When Can I Return Something I've Bought In Store On The High Street?

Know your rights – and when to ask for a refund
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If you’ve ever been refused a refund when you felt you should have been entitled to one, you’ll know how frustrating it can feel. So it can help to know what your rights are – and what the shop’s rights are – when it comes to returns, refunds and exchanges.

Does a shop have to give me a refund if I ask for one?

Yes and no. According to the government website, a shop only has to give you your money back in specific circumstances under the Consumer Rights Act 2015: when a product or service you bought is faulty, not as described, or doesn’t do what it’s supposed to – and you’ve asked for a refund within 30 days. You aren’t entitled to a refund just because you changed your mind.

In reality, however, most retailers offer customers a far better deal, giving you more than consumers are entitled to under the law.

Most shops will allow you to refund or exchange items if you don’t like them, they don’t fit, or you’ve changed your mind within 28 days. Some offer an even longer returns period.

It’s worth bearing in mind that when it comes to perishable goods like food and flowers, the timeframe for your right to a refund is determined by the length of time you’d reasonably expect them to last. (You obviously wouldn’t expect a pint of milk to still be fine to drink within 30 days, for example.)

What happens if I want to return something after 30 days?

After 30 days it gets a little more complicated. You will continue to have some rights if the item is faulty, though you won’t be entitled to a refund.

If you discover a fault up to six months after buying a product, then the retailer will need to prove that the fault wasn’t there when you bought it and should offer you a repair or replacement, according to the consumer group Which?.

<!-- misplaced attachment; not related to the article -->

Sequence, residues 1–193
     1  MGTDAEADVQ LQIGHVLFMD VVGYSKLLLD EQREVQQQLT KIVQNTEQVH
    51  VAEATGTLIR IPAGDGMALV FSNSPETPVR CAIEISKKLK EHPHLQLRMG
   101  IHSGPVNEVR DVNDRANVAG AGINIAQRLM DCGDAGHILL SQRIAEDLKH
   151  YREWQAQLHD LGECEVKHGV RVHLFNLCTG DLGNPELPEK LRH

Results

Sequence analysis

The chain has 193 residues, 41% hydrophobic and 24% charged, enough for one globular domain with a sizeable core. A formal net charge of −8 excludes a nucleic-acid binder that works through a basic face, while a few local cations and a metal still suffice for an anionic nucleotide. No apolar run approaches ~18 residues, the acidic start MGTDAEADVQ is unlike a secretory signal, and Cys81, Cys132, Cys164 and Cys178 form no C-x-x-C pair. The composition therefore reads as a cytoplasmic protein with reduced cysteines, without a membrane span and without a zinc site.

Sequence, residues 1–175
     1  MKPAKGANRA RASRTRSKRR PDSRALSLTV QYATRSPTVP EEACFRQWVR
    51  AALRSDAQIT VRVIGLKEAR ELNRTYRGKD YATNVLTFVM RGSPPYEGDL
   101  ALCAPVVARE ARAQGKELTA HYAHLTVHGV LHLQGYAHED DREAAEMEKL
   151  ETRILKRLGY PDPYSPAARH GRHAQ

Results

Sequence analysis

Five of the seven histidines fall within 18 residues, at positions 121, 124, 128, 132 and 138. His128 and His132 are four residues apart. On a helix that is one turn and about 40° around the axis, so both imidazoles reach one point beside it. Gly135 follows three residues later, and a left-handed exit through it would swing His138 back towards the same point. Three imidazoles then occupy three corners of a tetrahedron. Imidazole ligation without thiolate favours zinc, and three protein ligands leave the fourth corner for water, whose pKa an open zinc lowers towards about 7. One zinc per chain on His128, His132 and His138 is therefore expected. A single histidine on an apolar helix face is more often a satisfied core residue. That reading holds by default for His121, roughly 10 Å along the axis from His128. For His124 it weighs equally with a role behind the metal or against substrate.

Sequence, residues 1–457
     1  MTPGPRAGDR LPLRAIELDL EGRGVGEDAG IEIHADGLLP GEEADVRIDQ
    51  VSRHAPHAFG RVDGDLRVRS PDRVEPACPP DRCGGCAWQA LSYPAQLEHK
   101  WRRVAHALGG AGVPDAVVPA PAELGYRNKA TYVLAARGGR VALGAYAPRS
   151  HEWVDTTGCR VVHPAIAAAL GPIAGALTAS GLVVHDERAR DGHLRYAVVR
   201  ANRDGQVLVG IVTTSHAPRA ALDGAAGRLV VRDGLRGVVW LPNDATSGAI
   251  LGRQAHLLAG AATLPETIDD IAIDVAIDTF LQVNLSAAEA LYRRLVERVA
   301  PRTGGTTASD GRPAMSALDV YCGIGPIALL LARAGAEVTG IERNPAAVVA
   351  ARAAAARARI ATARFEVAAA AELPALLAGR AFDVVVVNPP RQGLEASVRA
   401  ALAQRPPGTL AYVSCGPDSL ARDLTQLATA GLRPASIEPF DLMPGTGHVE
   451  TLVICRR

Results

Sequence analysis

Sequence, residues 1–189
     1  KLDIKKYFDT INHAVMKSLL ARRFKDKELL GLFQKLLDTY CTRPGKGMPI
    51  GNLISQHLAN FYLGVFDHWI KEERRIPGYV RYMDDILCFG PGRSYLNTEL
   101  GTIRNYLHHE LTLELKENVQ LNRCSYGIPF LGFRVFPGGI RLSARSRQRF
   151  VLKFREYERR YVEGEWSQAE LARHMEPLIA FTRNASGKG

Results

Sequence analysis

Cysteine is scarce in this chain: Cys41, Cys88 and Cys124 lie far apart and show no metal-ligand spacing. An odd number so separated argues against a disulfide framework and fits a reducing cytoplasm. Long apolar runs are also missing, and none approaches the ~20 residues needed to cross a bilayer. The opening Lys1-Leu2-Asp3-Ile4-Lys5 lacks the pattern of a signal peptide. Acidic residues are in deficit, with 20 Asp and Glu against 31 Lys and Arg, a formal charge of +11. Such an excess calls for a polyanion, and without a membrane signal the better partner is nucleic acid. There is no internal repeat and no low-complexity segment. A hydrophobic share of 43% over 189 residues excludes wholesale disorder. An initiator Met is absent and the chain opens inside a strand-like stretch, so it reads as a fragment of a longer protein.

After six months your rights will reduce - as the onus will be on you to prove the fault wasn’t there at the time of sale, rather than on the retailer.

What about if it’s a sale item or I don’t have a receipt?

If you don’t have a receipt but the item is faulty, under law you can still return it – so long as you can offer proof of purchase (such as a bank statement).

But if the item isn’t faulty, the retailer has no obligation to pay you back without a receipt. The good news is that most high street retailers offer a more generous returns policy and will offer exchanges or credit notes if you don’t have a receipt.

When it comes to sale items the same rules from the Consumer Rights Act apply. You can return something if it’s faulty – but the retailer doesn’t have to let you return it just because you’ve changed your mind. It’s common for retailers to restrict their own timeframe for returns for sale items, too - from 28 to 14 days.